musica Dei donum


The "new" St Matthew Passion by Carl Philipp Emanuel Bach

During this year's Holland Festival Early Music Ton Koopman performed a St Matthew Passion by Carl Philipp Emanuel Bach, which was thought to be lost, until it was rediscovered in the archive of the Berlin Sing-Akademie in Kiev in Ukraine, which is now catalogued by an international board of experts.
Although it is interesting to hear this work in what is thought to be its original form, most of the music, in particular the ariosos and arias, isn't new at all. At the end of the 1760's Carl Philipp Emanuel worked at a Passionskantate which was based on a St Matthew Passion. This cantata is Die letzten Leiden des Erlösers, recorded years ago by Sigiswald Kuijken.
The Passion which Carl Philip Emanuel had composed was meant to be performed in churches in Hamburg. Therefore its basis is the text of the gospel, with additional chorales, which we also know from Johann Sebastian's passions.
In the passion cantata the text of the gospel has been replaced by a kind of meditation about the gospel, in the tradition of the passion oratorio. The characters from the gospel - Peter, Judas, Pilate - have all disappeared, so have the turbae and the chorales.
Whereas the aria's and chorales in Johann Sebastian's passions reflect the emotional reactions of the believer or the community of believers, the perspective in Carl Philipp Emanuel's work - both the passion and the cantata - change constantly. When Jesus is arrested Peter wants to follow him. Then we hear the arioso O Petrus! folge nicht! (O Peter, don't follow!) 'His' angel is asked to prevent him following Jesus. Somewhat later the audience is addressed. When Judas has cast the 'blood money' in the temple, an aria says: "Verstockte Sünder, solche Werke begehet ihr und fühlt es nicht" (Callous sinners! Such works you commit, and perceive it not).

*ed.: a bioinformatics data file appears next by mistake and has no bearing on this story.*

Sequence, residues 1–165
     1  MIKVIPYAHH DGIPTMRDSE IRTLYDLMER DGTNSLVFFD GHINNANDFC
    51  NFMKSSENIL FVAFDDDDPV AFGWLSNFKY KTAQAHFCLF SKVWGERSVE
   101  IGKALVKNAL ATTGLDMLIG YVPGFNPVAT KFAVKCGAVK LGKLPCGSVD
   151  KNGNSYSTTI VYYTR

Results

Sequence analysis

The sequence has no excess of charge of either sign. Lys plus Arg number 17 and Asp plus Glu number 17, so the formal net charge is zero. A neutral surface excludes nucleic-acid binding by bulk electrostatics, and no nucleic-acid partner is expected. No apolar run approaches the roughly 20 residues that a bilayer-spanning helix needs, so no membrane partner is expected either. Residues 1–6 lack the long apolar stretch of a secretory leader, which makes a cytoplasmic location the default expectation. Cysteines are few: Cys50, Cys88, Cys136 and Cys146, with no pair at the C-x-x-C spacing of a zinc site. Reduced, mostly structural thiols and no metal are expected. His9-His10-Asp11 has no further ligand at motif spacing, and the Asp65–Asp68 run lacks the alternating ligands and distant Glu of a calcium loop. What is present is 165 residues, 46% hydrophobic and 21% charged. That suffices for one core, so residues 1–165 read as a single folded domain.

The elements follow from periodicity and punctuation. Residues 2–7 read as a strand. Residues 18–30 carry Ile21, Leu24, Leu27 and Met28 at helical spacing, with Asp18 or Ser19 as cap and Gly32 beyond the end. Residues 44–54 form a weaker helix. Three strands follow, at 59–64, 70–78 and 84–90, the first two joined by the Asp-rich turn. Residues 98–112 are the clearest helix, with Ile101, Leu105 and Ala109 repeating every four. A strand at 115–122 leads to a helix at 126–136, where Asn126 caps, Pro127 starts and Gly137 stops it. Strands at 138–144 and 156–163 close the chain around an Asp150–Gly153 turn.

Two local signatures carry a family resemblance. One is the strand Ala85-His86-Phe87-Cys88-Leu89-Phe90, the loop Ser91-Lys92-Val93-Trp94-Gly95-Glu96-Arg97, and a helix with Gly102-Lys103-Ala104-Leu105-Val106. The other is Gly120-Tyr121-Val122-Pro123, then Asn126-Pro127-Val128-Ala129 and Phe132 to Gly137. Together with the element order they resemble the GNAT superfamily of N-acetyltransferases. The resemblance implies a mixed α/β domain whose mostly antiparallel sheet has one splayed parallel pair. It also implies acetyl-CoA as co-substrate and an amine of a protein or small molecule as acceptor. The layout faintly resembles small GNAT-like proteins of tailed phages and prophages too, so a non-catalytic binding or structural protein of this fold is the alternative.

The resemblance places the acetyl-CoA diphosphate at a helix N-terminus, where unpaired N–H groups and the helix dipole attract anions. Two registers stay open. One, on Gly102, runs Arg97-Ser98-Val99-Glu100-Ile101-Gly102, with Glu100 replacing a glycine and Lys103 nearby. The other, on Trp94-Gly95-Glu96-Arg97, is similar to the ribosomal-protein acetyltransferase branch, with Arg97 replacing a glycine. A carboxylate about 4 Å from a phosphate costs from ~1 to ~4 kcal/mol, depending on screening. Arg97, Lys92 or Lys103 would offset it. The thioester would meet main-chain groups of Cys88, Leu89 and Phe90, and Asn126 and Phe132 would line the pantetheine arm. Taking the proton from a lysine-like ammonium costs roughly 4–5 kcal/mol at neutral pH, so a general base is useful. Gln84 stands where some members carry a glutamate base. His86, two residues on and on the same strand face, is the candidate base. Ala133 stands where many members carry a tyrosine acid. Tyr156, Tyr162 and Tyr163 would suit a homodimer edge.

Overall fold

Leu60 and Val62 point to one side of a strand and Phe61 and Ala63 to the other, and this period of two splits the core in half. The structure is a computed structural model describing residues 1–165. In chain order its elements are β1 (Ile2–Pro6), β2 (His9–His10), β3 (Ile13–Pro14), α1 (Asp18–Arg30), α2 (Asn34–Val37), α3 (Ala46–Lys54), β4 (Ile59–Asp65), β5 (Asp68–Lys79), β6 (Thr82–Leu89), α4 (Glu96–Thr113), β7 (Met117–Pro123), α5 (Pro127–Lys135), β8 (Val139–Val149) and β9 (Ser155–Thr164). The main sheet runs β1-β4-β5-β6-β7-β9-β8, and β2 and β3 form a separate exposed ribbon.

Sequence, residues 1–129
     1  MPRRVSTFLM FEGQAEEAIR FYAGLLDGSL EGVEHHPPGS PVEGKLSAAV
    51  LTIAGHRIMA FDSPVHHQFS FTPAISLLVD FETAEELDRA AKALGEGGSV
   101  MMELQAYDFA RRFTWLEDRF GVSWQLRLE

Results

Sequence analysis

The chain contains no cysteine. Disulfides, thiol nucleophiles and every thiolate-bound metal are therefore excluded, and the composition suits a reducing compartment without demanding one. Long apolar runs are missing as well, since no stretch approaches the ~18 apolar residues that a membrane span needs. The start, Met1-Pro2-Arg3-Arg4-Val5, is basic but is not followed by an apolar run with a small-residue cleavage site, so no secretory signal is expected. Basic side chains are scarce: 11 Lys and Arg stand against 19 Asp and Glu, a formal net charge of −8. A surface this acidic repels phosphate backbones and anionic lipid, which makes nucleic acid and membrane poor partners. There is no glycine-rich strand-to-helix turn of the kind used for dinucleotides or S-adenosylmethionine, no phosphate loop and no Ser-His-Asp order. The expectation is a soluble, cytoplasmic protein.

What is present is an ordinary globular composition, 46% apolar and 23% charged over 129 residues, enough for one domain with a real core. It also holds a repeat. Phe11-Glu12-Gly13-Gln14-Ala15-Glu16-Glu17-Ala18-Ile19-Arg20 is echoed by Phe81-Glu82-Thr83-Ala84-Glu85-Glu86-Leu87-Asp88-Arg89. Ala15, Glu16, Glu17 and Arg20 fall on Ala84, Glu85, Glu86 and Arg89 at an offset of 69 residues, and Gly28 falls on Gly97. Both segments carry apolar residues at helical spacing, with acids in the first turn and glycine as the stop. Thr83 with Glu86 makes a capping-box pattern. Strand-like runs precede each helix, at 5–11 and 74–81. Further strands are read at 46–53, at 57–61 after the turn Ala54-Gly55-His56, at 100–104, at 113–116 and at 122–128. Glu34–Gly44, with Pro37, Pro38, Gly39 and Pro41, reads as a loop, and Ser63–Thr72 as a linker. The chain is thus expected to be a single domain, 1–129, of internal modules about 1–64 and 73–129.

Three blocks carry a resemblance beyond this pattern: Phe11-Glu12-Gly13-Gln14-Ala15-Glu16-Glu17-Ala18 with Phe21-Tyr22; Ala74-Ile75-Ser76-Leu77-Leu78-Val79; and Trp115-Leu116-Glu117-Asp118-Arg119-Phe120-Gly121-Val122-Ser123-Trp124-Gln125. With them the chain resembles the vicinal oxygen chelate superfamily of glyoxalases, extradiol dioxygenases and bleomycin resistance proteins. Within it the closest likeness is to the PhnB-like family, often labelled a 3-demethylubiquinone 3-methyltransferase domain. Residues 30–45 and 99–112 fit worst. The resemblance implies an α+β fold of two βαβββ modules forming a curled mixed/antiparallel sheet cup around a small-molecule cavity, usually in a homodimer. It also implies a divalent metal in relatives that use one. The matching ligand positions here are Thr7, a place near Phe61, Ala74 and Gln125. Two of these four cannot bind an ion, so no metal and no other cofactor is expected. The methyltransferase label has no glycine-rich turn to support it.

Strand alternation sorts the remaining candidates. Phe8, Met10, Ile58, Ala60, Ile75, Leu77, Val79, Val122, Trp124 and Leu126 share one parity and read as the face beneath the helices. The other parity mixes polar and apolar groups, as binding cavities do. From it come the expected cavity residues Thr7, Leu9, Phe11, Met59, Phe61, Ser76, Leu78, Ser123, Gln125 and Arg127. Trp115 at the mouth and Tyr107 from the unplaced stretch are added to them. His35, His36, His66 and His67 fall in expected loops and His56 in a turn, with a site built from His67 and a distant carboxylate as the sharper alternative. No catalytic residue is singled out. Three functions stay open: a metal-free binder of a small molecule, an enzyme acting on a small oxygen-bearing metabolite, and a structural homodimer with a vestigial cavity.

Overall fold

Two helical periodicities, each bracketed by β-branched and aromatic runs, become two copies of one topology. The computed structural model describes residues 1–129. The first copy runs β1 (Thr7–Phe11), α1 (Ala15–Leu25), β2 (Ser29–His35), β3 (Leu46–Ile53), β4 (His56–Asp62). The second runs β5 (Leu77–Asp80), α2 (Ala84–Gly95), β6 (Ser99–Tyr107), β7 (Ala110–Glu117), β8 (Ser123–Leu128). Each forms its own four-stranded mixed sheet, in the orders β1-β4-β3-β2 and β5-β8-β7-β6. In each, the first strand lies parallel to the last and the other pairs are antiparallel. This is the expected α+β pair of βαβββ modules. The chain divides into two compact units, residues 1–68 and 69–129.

The arias were clearly written with a "public", non-liturgical performance in mind. Most of them are very long and some are quite virtuoso, in particular the duet for two sopranos, Muster der Geduld und Liebe, which contains a cadenza like in the classical opera.
The character of the music and the text are a result of the changing ideas of that time and the changing circumstances in which this passion music was performed. This work by Carl Philipp Emanuel Bach clearly reflects the ideas of the Enlightenment. Jesus is referred to as Menschenfreund (friend of mankind), a typical term of the Enlightenment. Another feature is the fact that Jesus is presented as model for mankind. The duet already mentioned is a clear example: "Muster der Geduld und Liebe, möchten wir dir ähnlich sein! Flöß uns sanfte, sanfte Triebe deines guten Geistes ein." (Paragon of patience and love, may we also be so! Fill us with the gentle, gentle inclinations of your good spirit!).
The result is a piece with two faces. One the one hand it is a traditional oratorio passion, on the other hand it is a "modern" work which is firmly rooted in the Enlightenment with its emphasis on the moral uplifting of mankind.
This 'split personality' of the work is underlined by the fact that Carl Philipp Emanuel has borrowed music from his father, for instance the opening chorus Christus, der uns selig macht and some turbae and chorales. They are somewhat out of place, because of the difference in musical language, in particular in the treatment of harmony.
This work demonstrates the difference in the way Johann Sebastian and Carl Philipp Emanuel treat the text. Carl Philipp Emanuel chooses the basic mood of the moment and writes the music which reflects that. That can lead to some strange things, like the intervention "O Petrus! Folge nicht", which has a rhythm one wouldn't expect in a passion. In contrast, Johann Sebastian translates every word into music, which results in the frequent modulations in the part of the Evangelist in his passions, and in sudden dissonances on specific syllables in the chorales.
For that reason I prefer the later form of the Passionskantate, which is more of a unity in music and content.

Johan van Veen (© 2002)